Our Favorite Older Examples of Lesbian TV Representation

(Photo by ANDREAS BRANCH/Patrick McMullan via Getty Images)

While it is absolutely true that we’ve seen an unparalleled explosion in both the quantity and quality of lesbian characters in the last five years, there are, nevertheless, some fantastic examples of representation on TV before that time. While the last few years have been a wonderful, rainbow explosion of awesome, let’s give some credit where it’s due: there have been some great characters and storylines before 2010, too, worth watching.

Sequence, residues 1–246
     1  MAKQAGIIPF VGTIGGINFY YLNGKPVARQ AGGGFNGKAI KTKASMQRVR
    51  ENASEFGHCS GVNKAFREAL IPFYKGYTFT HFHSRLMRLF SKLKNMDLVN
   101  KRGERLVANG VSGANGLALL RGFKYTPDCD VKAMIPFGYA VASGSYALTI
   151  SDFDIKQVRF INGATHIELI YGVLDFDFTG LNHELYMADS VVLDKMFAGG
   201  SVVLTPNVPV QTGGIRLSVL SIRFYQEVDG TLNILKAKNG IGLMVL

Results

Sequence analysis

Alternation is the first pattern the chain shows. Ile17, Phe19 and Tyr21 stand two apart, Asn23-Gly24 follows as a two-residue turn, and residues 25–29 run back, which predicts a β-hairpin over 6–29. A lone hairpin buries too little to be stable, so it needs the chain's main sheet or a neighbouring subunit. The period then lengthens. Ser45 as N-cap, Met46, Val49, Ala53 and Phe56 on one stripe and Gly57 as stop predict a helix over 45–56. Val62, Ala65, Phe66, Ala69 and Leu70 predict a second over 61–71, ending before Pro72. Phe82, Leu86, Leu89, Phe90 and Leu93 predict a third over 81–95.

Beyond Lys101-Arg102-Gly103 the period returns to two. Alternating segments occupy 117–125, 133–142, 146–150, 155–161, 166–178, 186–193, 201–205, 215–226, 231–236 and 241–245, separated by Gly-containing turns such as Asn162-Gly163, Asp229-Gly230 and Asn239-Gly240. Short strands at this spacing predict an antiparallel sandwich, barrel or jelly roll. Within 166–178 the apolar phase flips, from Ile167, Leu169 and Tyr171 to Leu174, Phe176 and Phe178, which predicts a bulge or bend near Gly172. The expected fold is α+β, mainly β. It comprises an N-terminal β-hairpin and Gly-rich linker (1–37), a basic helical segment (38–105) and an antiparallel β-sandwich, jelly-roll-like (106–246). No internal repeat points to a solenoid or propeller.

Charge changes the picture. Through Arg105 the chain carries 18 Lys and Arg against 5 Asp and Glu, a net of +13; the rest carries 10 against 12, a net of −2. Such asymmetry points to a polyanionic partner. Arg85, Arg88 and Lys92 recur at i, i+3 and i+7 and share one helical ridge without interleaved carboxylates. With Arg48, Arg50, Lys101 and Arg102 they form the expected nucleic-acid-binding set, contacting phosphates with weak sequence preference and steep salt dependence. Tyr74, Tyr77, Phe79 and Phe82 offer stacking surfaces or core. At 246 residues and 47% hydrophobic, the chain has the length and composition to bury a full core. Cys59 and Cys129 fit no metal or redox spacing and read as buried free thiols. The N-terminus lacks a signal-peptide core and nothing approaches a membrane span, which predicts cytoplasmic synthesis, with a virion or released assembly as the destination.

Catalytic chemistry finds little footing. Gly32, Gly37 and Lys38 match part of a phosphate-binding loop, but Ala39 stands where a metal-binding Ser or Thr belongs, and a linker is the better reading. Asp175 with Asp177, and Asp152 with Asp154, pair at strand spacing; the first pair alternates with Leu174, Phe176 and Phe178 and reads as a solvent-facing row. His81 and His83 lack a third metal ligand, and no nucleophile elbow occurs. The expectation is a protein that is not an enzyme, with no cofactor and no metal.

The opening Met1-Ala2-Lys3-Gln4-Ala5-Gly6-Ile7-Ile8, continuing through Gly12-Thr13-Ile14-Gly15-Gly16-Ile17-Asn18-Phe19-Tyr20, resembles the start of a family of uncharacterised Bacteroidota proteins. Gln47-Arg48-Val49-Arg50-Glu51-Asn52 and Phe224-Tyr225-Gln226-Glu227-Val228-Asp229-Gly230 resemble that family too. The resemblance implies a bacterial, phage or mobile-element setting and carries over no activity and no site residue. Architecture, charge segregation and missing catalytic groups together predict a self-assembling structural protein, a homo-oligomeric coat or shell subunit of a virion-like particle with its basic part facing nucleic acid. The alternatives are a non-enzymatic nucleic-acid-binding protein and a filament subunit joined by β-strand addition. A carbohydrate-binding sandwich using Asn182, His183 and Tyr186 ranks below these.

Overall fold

Why don’t some people in our community think of them when enumerating great examples of representation? Two reasons: first, finding good representation pre-2010 sometimes takes a little bit of Googling and a willingness to listen to characters with a different accent. Whereas many Americans are most familiar with characters on American broadcast television, some of the best characters come from cable or else from another country entirely.

Second, we are all vulnerable to a “recency illusion”: the belief that something we only recently noticed is, in fact, recent. So with that in mind, AfterEllen suggests the following fantastic examples of TV representation from 2010 and earlier that we think are worth watching today:

Young Adult Lesbians: Naomi and Emily on “Skins” (2009-2010)